A PAEDOPHILE who sexually abused children as young as five during the 1960s and ’70s has finally been jailed after a Teesside detective tracked down a key witness.
George Preston of Marrick Road, Hartburn, now 76, preyed on two girls and a boy over a 10-year reign of terror from 1963.
One of the victims was so badly haunted by the ordeal, he tried to kill himself, it was revealed at Teesside Crown Court where Preston was sentenced to seven-and-a-half years in jail.
At the hearing, Judge Peter Armstrong commended Detective Constable Francesca Donovan of Cleveland Police’s child protection unit for tracking down a female witness whose evidence proved crucial in convicting Preston.
He also praised her sensitivity in dealing with the case.
Detective Donovan embarked on a search for the vital witness half way through the pensioner’s trial.
She trawled housing and social services records for Norfolk and Suffolk until she found a former partner of one of Preston’s daughters.
The partner was present when the daughter revealed Preston’s depravity to her mother after contact from the victims. The mother died four years ago.
Preston, who worked at B&Q, planned to call his daughter as a witness to deny the disclosure, but she refused to give evidence.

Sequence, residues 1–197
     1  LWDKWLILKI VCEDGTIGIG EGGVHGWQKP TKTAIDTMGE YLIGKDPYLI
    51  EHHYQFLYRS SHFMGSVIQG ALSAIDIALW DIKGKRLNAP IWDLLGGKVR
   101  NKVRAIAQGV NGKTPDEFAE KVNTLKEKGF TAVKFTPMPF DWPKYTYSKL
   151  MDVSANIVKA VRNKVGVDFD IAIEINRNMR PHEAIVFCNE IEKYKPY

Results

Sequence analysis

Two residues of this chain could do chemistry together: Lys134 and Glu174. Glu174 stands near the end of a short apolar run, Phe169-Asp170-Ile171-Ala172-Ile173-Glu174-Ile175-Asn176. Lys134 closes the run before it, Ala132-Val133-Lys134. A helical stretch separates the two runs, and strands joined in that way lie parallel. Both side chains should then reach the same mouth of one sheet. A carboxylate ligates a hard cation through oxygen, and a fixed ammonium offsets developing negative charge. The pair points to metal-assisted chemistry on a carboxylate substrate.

He admitted six charges of indecent assault and one of inciting sexual activity with a child.
Judge Armstrong told Preston that he would have been jailed for nine years if he was a younger man. He was ordered to register as a sex offender for life.
The judge said that the effect on the victims was absolutely devastating, and led the male victim to attempted suicide.
He added: “A pre-sentence report indicates that you show no remorse and have no insight into the effect of your offending on your victims. You only pleaded guilty at the very last moment after they had given evidence and been cross-examined.
“You had given evidence. It was only through smart detective work by the officer in the case who traced a woman witness that completely undermined your defence and prevented your daughter Janet from giving perjured evidence.
“It has had the effect that at least your victims have seen you admit in public for the first time all you did to them. But before that, your behaviour was clearly in contrast to the dignity and bravery they showed.”
Judge Armstrong said he hoped that Preston would read the victim impact statements.
James Robinson, defending, said that Preston had masked what had happened during a hard-working life as a soldier, miner and HGV driver before his retirement job at B&Q.